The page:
Words with No English Translation

Do you know Words with no English Translation ?


Words with No English Translation

Words with No English Translation

There are approximately 375 million people around the globe who speak English as their first language. It is estimated that there are 1,009,753 words in the English language today. Despite such a seemingly large number, there are still many cultural and linguistic nuances that bars us from directly translating a handful of foreign words to English.

Here are some examples of words from different languages that are “untranslatable to English”:

  • Age-otori (Japanese): To look worse after a haircut
  • Backpfeifengesicht (German): A face badly in need of a fist
  • Desenrascanço (Portuguese): “to disentangle” yourself out of a bad situation (To MacGyver it)
  • Duende (Spanish): a climactic show of spirit in a performance or work of art, which might be fulfilled in flamenco dancing, or also bull-fighting, etc.
  • Forelsket (Norwegian): The euphoria you experience when you are first falling in love
  • Sayang (Filipino): an interjection that connotes frustration over a near-miss
  • L’esprit de l’escalier(French): usually translated as “staircase wit,” is the act of thinking of a clever comeback when it is too late to deliver it
  • Litost (Czech): a state of torment created by the sudden sight of one’s own misery
  • Mamihlapinatapai (Yaghan): A look between two people that suggests an unspoken, shared desire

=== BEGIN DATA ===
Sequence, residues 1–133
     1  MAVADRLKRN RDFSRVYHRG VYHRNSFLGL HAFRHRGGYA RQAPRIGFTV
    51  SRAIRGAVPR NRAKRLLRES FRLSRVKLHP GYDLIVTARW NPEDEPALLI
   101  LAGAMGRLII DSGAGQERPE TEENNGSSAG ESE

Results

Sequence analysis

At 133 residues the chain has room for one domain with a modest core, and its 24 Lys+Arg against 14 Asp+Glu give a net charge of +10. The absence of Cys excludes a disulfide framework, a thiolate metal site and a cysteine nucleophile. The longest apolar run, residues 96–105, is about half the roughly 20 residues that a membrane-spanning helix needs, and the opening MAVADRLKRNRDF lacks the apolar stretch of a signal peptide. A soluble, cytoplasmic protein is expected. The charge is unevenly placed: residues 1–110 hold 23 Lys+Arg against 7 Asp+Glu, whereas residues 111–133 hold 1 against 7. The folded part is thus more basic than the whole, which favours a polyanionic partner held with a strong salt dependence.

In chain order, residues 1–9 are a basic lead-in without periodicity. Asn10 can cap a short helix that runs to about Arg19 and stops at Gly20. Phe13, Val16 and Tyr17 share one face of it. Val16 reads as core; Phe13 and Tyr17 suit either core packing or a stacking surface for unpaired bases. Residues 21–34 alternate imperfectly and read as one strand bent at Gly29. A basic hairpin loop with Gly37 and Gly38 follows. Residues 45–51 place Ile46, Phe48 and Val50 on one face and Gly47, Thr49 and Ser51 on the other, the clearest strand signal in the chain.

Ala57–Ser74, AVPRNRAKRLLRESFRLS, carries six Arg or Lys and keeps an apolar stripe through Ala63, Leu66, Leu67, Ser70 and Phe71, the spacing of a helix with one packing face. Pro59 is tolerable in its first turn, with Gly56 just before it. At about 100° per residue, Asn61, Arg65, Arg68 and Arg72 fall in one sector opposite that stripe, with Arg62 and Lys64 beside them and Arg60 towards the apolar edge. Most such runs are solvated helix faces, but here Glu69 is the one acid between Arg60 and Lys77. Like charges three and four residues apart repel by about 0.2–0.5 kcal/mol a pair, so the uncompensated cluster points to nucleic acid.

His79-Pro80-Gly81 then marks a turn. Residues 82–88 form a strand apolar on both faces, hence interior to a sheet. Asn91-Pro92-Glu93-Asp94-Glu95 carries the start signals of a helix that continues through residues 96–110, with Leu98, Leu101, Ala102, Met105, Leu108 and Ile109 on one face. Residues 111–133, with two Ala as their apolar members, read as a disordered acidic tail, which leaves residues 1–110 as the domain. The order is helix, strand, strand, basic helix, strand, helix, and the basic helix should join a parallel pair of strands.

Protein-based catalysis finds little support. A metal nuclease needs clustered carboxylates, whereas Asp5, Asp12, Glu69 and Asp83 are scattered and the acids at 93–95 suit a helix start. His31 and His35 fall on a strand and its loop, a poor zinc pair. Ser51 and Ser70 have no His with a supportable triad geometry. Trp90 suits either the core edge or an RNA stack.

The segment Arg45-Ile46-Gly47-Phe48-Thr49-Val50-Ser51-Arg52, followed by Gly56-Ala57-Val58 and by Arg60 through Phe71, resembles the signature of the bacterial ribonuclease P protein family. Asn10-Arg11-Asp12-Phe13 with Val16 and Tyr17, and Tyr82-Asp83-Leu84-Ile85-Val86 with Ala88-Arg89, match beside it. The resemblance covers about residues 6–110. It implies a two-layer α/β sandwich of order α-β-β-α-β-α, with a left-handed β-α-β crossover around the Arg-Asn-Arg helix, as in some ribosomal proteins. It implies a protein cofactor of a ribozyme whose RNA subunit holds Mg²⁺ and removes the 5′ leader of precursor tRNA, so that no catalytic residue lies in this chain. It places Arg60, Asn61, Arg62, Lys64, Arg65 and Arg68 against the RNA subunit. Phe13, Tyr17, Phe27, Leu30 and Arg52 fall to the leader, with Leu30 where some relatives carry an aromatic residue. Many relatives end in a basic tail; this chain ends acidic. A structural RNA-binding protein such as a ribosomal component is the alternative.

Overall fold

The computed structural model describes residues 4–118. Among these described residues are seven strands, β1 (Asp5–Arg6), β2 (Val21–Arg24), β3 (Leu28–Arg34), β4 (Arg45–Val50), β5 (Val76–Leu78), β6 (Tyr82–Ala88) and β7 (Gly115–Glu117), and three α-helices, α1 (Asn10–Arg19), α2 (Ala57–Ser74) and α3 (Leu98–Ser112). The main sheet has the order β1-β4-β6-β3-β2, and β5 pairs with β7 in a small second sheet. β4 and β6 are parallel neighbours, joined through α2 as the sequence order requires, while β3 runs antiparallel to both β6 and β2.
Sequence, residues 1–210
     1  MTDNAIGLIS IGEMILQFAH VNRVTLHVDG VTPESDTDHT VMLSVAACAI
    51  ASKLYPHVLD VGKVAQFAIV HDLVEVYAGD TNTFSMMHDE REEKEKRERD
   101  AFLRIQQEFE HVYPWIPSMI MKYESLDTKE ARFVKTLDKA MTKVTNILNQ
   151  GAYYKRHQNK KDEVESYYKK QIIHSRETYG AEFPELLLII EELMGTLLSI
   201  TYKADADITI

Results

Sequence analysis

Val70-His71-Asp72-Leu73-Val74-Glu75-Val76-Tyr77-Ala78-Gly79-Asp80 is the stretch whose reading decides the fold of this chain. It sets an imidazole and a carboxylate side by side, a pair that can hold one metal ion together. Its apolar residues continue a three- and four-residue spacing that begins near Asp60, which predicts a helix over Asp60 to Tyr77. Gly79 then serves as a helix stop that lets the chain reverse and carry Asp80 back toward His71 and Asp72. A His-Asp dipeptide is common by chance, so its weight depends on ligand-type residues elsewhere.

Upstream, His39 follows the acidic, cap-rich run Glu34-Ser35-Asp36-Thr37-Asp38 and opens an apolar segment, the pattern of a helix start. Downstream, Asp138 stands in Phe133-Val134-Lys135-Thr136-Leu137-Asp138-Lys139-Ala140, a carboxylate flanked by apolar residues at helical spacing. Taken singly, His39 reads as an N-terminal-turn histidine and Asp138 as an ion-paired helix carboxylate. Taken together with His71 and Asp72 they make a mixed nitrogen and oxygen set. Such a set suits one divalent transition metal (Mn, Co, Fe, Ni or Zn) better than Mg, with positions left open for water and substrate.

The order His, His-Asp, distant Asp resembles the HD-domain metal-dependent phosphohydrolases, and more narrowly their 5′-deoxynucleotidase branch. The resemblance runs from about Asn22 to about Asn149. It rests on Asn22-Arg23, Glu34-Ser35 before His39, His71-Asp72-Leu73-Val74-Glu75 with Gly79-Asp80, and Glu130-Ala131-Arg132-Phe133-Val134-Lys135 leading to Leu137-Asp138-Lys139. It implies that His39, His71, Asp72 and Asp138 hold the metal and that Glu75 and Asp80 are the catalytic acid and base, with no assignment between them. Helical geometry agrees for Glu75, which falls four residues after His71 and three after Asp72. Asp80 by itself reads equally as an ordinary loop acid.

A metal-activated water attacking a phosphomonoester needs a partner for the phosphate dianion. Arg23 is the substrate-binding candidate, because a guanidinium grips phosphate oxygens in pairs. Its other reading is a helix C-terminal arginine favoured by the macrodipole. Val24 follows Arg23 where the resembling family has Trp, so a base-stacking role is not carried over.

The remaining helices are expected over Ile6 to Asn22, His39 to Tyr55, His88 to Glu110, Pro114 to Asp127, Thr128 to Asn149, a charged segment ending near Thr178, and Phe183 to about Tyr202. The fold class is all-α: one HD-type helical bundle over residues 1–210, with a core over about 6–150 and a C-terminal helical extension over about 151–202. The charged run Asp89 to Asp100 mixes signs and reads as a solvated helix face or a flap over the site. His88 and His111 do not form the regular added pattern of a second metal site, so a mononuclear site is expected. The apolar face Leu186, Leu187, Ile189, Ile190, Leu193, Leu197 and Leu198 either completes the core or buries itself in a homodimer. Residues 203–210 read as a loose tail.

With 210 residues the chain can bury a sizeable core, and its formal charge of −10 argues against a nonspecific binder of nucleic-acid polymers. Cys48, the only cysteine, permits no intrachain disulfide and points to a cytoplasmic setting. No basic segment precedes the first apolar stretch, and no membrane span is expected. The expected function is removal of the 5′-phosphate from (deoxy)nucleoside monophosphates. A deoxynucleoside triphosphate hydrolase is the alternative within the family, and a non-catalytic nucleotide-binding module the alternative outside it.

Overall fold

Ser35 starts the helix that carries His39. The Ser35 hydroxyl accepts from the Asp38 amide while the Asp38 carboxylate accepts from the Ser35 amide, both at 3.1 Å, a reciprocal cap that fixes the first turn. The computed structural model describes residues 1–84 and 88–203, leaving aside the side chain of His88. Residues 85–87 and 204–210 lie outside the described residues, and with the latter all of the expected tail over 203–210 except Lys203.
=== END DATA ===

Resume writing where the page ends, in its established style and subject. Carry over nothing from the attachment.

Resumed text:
• Meraki (pronounced may-rah-kee; Greek): Doing something with soul, creativity, or love. It’s when you put something of yourself into what you’re doing
  • Nunchi (Korean): the subtle art of listening and gauging another’s mood
  • Pochemuchka (Russian): a person who asks a lot of questions
  • Zhaghzhagh (Persian): The chattering of teeth from the cold or from rage
  • Gumusservi (Turkish): It means moonlight shining on water.
  • Mencolek (Indonesian): Tapping someone lightly on the opposite shoulder from behind to fool them
  • Glas wen (Welsh): A smile that is insincere or mocking. Literally, a blue smile
  • Greng-jai (Thai): That feeling you get when you don’t want someone to do something for you because it would be a pain for them.
  • Ya’arburnee (Arabic): This word is the hopeful declaration that you will die before someone you love deeply, because you cannot stand to live without them. Literally, may you bury me.
  • Pana Po’o (Hawaiian): It means to scratch your head in order to help you remember something you’ve forgotten.
  • Hygge (Danish): Denmark’s mantra, hygge is the pleasant, genial, and also intimate feeling associated with sitting around a fire in the winter with close friends.


If you’re having trouble with words with no English translation, or you need translator or interpreter, Language Direct can help!

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